• Condenser Microphone
  • Omnidirectional Polar Pattern
  • +48V Phantom Power Required
  • XLR Connection

Pros

  • This microphone has a quite impressive frequency range, going from 10 – 60,000Hz, according to the manufacturer. 60,000Hz is far past the human hearing capabilities, but the increased response comes super in handy when capturing piano higher frequencies.
  • The omnidirectional polar pattern can capture sound coming from all sides of the microphone equally. This means you’ll have a great result putting this mic inside a piano body.
  • The Sennheiser MKH 8020 has extremely low self-noise. Self-noise is the amount of noise produced by the mic itself. Obviously, a smaller level is always preferred, especially for highly dynamic instruments like the piano.
  • If you have a nice-sounding room, this microphone will capture the nuances of it very well.

Cons

  • High price.
  • Not as versatile as other options on the list.

Verdict

The Sennheiser MKH 8020 is an excellent piano mic because it can be easily fitted inside the instrument’s body. Also, its omnidirectional polar pattern is perfect for the job because it has a much wider sound capturing than a cardioid, for example. However, you must have a properly sound-treated and isolated room for it to sound nice.

The only drawback with this model is that it is quite expensive, especially the stereo matched pair option. Also, it is not as versatile as other mics on the list that have multiple polar patterns, such as the AKG C414.

#5 Shure SM7B

Shure SM7B

The Shure SM7B is one of the most famous dynamic mics in the music industry. Originally made for broadcasting purposes, it quickly found its way through many vocal recordings. It is a great microphone to use if you’re after a more aggressive and compressed piano sound.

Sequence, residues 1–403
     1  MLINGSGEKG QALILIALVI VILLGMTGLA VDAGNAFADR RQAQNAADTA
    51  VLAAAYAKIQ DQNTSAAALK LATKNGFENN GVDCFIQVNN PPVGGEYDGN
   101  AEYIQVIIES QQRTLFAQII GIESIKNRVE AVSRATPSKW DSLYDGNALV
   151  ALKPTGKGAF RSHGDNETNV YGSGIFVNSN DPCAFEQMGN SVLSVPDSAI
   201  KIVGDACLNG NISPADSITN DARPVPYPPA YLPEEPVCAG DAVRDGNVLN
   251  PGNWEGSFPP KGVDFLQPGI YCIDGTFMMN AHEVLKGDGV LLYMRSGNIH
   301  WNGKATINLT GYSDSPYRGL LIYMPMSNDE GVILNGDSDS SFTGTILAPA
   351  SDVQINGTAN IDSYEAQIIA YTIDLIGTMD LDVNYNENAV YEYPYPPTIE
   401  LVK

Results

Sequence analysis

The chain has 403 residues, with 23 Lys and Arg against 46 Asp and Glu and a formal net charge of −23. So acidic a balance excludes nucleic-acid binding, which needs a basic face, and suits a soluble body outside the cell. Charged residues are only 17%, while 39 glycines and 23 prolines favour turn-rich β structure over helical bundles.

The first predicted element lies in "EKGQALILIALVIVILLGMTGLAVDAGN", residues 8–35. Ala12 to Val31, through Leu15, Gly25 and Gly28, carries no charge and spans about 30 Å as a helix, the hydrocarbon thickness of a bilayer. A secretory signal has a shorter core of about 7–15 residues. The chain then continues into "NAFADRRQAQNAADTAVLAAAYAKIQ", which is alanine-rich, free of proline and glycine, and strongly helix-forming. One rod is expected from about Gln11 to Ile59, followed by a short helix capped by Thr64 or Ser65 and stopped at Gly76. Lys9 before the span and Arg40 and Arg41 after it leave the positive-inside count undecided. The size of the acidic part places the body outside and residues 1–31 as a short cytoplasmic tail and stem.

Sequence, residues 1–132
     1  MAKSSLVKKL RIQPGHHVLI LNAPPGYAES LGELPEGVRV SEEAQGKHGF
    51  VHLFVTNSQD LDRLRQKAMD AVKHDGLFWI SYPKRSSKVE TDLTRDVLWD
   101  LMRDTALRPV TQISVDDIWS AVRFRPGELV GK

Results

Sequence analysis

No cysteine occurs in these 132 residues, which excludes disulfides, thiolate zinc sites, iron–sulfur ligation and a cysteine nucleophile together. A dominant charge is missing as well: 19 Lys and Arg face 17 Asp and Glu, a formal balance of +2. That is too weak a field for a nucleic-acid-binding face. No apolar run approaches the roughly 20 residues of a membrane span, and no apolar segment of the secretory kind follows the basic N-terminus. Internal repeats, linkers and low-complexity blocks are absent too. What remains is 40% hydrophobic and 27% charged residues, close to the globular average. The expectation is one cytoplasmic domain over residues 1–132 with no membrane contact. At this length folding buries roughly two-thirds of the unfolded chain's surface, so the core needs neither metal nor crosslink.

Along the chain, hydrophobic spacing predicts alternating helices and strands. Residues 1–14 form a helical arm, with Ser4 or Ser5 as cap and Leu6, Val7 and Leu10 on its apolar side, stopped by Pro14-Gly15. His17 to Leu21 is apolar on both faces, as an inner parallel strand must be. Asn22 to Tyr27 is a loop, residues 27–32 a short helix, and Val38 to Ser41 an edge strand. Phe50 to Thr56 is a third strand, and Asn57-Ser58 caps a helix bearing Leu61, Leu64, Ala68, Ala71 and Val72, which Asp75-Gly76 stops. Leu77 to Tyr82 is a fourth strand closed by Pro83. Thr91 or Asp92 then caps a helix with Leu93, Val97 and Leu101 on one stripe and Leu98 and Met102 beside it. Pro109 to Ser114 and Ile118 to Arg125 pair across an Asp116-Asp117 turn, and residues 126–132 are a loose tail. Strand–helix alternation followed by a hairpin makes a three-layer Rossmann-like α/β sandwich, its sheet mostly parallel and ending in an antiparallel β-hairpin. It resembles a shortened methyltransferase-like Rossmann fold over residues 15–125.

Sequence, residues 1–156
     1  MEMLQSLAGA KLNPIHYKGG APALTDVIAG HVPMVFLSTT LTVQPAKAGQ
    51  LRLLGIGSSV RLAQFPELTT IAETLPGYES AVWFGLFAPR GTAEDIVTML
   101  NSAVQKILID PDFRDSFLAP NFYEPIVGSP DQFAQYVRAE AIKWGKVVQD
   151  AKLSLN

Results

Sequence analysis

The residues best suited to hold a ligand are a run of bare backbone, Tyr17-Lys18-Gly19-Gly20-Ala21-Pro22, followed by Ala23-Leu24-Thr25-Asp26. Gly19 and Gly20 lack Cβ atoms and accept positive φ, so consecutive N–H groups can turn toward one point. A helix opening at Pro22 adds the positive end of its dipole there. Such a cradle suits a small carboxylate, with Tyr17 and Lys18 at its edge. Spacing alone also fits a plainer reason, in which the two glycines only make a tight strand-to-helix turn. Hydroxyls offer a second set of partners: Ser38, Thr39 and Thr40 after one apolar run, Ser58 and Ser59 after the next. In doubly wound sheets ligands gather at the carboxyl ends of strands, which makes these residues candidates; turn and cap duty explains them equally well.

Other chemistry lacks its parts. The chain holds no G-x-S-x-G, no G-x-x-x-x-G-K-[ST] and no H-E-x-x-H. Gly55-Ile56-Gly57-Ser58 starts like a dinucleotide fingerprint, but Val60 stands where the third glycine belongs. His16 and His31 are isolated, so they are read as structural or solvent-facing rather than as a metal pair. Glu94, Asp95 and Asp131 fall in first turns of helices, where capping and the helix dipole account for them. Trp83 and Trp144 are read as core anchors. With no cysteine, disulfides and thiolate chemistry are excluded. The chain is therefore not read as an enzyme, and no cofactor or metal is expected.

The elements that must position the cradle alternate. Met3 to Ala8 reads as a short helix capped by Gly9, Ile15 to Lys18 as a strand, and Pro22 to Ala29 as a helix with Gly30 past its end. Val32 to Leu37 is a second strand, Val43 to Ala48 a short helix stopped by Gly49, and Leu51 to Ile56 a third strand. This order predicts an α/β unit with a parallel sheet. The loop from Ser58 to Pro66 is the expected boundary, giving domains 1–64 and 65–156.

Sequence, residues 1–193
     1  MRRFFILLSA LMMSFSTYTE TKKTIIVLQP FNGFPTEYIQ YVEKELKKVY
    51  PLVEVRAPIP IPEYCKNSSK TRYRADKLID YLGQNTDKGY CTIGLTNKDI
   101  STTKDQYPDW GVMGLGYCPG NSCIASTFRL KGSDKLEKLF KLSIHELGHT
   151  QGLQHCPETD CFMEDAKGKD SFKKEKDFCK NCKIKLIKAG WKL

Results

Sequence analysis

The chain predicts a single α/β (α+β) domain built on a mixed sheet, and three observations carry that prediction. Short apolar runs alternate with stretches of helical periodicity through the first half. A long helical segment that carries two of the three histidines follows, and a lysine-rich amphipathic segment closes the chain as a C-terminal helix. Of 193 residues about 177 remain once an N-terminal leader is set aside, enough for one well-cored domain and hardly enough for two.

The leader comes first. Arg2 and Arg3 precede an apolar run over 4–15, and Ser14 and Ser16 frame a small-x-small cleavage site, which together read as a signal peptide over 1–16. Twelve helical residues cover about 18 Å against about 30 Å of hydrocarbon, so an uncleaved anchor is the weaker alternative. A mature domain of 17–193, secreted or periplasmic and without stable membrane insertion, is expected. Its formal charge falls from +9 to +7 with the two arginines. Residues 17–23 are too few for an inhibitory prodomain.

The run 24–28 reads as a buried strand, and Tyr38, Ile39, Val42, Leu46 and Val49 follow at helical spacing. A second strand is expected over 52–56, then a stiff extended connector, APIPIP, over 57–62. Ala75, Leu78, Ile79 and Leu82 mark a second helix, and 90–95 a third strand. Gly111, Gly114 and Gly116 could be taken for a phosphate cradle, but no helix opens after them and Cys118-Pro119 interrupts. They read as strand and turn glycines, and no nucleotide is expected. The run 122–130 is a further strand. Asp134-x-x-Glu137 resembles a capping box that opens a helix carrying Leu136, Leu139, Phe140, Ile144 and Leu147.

Product Specifications

  • Dynamic Microphone
  • Cardioid Polar Pattern
  • XLR Connection

Pros

  • The frequency range of the Shure SM7B is considerably flat and easy to work within the mixing process. All the frequencies of the sound source are translated relatively naturally.
  • The advanced electromagnetic shielding ensures a noise and hum-free audio recording.
  • This microphone sounds awesome for recording vocals too.
  • If you already own a condenser microphone, it can be a great idea to use it with a dynamic mic like the Shure SM7B, near the piano strings for a sound with a greater impact.
  • If your recording environment is not optimal, the Shure SM7B will do a pretty good job at keeping background noise out of your audio due to its dynamic capsule and cardioid pattern.

Cons

  • Not all audio interfaces’ preamps have enough power to drive the Shure SM7B. You may need an external one or a cloud lifter.

Verdict

Depending on what kind of piano sound you’re after, the Shure SM7B can be a great choice for the recording process. You can use this one mic with a close miking style to achieve an aggressive and impactful sound.

It may not be the best option if you’re seeking a more natural sound though. If you already have a condenser mic, you can play a bit with microphone placement and use the Shure SM7B as a complement.

#6 MXL 770

MXL 770

The MXL 770 is a pretty cost-effective solution. It has a balanced sound with a great dynamic range and the price is pretty affordable: around $100 by the time we wrote this article. As it is excellent for being used with vocals too, we consider this to be an all-in-one option.

Product Specifications

  • Condenser Microphone
  • Cardioid Polar Pattern
  • Switchable Low Cut Filter